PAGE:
THERE is something special about beech woods, with their magnificent towering trees combined with the gentle give of fallen leaves under one’s feet.

Thus, I was delighted to explore a wee gem of a beech wood just to the south of Clackmannan and Kennet.

Following the path signposted Kennetpans, I was soon enveloped by the tranquillity of the wood here, and quickly spotted a grey squirrel scampering up a tree.

Both red and grey squirrels are found in the Wee County, with reds occurring in the north-east, and grey predominating elsewhere.

Many of the trees had ivy growing on them, creeping up their trunks like creeping tendrils.

Ecologically, ivy is an important plant, with the greenish-yellow flowers in autumn secreting abundant nectar that are pollinated by a variety of insects.

Thick ivy growth is also a favoured nesting site for several types of songbirds, and their small dark berries are a source food.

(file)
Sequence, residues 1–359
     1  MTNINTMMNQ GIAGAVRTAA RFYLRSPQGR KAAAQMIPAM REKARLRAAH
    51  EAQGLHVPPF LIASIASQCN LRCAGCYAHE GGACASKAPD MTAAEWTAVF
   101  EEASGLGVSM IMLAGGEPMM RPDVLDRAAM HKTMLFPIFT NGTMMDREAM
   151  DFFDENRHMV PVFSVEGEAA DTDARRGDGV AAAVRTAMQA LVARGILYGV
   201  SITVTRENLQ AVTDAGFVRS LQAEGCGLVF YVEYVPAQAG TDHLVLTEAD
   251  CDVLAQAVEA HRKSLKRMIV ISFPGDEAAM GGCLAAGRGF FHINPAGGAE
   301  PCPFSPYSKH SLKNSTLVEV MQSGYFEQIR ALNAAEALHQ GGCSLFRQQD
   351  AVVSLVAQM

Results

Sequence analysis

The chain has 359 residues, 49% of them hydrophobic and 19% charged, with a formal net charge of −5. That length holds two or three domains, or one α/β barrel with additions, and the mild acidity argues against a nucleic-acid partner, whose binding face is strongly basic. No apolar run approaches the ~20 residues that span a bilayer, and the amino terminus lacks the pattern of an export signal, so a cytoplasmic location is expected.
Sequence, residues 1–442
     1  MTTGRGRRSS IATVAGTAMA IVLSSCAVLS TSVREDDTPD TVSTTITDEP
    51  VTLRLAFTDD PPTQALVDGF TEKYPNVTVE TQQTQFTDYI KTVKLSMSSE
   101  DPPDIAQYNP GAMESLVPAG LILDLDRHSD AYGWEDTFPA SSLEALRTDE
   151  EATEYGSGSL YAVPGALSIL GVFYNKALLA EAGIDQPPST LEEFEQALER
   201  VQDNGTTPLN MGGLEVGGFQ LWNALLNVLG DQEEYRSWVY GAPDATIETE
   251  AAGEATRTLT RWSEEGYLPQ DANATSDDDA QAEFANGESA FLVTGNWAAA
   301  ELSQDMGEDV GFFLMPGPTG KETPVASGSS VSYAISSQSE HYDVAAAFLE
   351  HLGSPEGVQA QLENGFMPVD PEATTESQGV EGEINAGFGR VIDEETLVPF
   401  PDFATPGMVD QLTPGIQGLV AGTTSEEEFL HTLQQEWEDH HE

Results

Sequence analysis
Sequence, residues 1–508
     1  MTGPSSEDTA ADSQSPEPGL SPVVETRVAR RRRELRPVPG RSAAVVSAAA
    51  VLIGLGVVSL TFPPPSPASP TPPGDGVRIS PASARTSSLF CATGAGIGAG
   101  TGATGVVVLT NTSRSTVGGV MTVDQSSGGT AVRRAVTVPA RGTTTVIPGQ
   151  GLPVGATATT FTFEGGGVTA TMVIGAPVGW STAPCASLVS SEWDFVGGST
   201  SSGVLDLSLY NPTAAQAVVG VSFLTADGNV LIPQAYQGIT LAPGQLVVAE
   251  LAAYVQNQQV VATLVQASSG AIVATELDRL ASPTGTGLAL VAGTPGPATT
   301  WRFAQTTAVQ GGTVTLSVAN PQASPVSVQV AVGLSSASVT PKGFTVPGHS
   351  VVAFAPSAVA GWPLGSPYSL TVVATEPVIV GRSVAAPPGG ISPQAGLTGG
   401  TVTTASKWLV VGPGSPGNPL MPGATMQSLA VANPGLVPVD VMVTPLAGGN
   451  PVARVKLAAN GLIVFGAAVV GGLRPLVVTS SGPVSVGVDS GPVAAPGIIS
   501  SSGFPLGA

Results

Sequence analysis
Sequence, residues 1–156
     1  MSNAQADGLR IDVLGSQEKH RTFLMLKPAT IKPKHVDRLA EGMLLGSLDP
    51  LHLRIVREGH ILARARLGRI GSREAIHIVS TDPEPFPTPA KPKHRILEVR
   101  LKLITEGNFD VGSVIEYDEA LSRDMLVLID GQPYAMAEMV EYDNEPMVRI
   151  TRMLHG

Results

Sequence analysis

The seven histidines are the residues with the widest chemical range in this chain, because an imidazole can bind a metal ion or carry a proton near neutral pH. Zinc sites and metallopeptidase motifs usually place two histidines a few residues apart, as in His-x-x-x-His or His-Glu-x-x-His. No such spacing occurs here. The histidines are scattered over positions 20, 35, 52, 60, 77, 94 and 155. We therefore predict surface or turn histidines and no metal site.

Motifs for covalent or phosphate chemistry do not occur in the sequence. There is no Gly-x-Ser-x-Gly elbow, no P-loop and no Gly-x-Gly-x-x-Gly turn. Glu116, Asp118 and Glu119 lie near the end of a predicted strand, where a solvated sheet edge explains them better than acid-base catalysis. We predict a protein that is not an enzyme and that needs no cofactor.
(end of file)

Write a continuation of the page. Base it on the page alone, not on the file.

I crossed the farm track that leads down to Kennetpans, and struck along a small path through the wood, with lies on a steep scarp, and headed towards the main Clackmannan Bridge road.

A fly agaric toadstool shone out at me from the woodland floor like a smouldering ember, and I also stumbled upon a cluster of bonnet mushrooms on a decaying tree stump.

Fly agaric is the toadstool so widely depicted in children’s fairy tales, including Alice in Wonderland.

But behind that red-cloaked beauty lies a warning, for fly agarics are poisonous, and in parts of Europe there was the old custom of using the caps, crumbled in milk, to kill flies, hence the name.

At a time of year when much life is dying back and closing down in preparation for winter, fungi are doing quite the opposite and are bursting into life.

Fungi underpin the natural world, for they are recyclers, nutrient providers for plants and support every type of habitat there is.

Without fungi the natural environment as we know it would not exist.

For humankind, fungi are medicine providers and are used in the production of many of our foods and drinks.

Fungi define who we are and what we are, and as such, should be cherished for their infinite variety and form.